Ceramic hot-section parts to debut this year in GE aero engines, 7F gas turbines next

General Electric Co is developing hot-section ceramic components for future versions of its popular 7F gas turbines, reports Lee S Langston, professor emeritus, UConn, who began his career as a research engineer at Pratt & Whitney more than 50 years ago. Among the first will be a ceramic matrix composite (CMC) shroud for the first stage on new 7F.04 and 7F.05 machines; it also is an option on full Advanced Gas Path upgrades to the earlier 7F.01, .02, and .03 models.

CMCs, at about one-third the weight of conventionally used hot-section nickel/cobalt alloys they replace, are more heat resistant and require less cooling air. These properties promise enhanced engine durability, life, fuel economy, and performance.

Ceramics have many favorable characteristics. Compared to metals now used in gas turbines, they often can have superior corrosion resistance, hardness, lower density, and high-temperature capability. Their main drawbacks are comparatively low toughness and the possibility to fracture in a catastrophic brittle mode.

Toughness is a measure of load or stress needed to drive a crack through a material. A china dinner plate is not easy to break in half, Langston points out, but if it has a slight crack, fragmentation is easy, compared to, say, an identical ductile metal plate.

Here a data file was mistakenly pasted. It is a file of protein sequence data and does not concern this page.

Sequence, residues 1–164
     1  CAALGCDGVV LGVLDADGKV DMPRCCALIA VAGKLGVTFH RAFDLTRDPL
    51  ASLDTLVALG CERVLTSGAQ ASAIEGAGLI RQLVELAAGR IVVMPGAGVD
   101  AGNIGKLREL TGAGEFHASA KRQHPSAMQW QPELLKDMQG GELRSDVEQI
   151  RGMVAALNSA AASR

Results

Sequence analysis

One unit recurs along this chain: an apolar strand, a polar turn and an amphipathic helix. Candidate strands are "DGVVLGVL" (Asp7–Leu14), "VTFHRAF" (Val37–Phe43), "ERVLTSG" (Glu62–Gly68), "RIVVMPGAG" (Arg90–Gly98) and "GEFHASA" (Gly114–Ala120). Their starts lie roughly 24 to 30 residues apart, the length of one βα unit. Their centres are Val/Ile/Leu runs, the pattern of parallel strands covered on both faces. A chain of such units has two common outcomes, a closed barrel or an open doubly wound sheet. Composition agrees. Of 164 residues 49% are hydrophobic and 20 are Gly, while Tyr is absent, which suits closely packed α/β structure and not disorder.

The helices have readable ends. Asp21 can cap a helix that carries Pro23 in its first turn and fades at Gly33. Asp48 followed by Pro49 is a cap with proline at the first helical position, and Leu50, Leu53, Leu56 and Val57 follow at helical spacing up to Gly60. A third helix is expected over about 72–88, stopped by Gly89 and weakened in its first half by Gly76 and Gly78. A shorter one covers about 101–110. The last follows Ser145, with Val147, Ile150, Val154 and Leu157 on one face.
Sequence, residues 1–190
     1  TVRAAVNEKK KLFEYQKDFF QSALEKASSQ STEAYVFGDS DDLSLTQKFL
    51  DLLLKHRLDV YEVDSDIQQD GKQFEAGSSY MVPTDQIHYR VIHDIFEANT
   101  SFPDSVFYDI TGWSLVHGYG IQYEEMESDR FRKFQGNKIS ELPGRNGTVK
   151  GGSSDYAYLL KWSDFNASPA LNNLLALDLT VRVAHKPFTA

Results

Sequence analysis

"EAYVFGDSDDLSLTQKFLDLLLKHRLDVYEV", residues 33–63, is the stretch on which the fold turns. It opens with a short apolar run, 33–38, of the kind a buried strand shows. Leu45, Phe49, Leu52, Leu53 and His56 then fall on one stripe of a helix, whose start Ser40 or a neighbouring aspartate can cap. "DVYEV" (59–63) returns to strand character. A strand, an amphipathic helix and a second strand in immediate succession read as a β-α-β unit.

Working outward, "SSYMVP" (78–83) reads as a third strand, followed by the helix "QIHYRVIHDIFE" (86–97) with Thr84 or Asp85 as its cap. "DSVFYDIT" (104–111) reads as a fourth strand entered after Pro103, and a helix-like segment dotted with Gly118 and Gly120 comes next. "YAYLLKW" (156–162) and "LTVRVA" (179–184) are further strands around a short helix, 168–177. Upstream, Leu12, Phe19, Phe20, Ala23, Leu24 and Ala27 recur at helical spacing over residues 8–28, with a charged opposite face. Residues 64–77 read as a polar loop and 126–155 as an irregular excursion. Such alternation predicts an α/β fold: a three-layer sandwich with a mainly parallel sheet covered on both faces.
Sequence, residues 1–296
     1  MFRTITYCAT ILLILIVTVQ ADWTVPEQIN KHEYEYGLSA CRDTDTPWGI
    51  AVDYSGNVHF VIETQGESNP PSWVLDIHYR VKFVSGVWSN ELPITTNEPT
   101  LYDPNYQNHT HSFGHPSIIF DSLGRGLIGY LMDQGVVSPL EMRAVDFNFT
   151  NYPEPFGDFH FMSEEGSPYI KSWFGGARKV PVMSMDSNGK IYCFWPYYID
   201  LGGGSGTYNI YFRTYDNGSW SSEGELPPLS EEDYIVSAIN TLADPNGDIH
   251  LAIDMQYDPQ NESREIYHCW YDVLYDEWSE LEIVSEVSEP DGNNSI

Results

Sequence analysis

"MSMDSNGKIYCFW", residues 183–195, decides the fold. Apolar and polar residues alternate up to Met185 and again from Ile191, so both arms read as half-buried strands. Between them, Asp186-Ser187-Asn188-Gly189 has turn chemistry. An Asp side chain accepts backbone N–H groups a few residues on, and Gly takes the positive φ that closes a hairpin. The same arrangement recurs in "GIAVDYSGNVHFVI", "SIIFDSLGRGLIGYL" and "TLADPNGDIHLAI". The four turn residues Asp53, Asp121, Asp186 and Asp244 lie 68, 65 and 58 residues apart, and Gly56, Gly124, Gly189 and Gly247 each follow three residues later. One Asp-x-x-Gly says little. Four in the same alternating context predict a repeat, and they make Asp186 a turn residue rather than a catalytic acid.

Ceramics subjected to compressive stresses, where crack defects are made smaller, are very strong. Ceramics subject to tensile or bending stresses (such as in rotating turbine blades), where crack defects are made larger, can cause sudden failure. CMCs have been developed to alleviate this characteristic ceramic brittle behavior.

Ceramics figGraceful failure. GE is introducing CMCs both in its 7F gas turbines and latest jet engine for single-aisle commercial aircraft—such as the Boeing 737 and the Airbus A320. Called LEAP (Leading Edge Aviation Propulsion), it is scheduled to enter into service this year. Since the LEAP CMC program is further along than that for the 7F, let’s review it.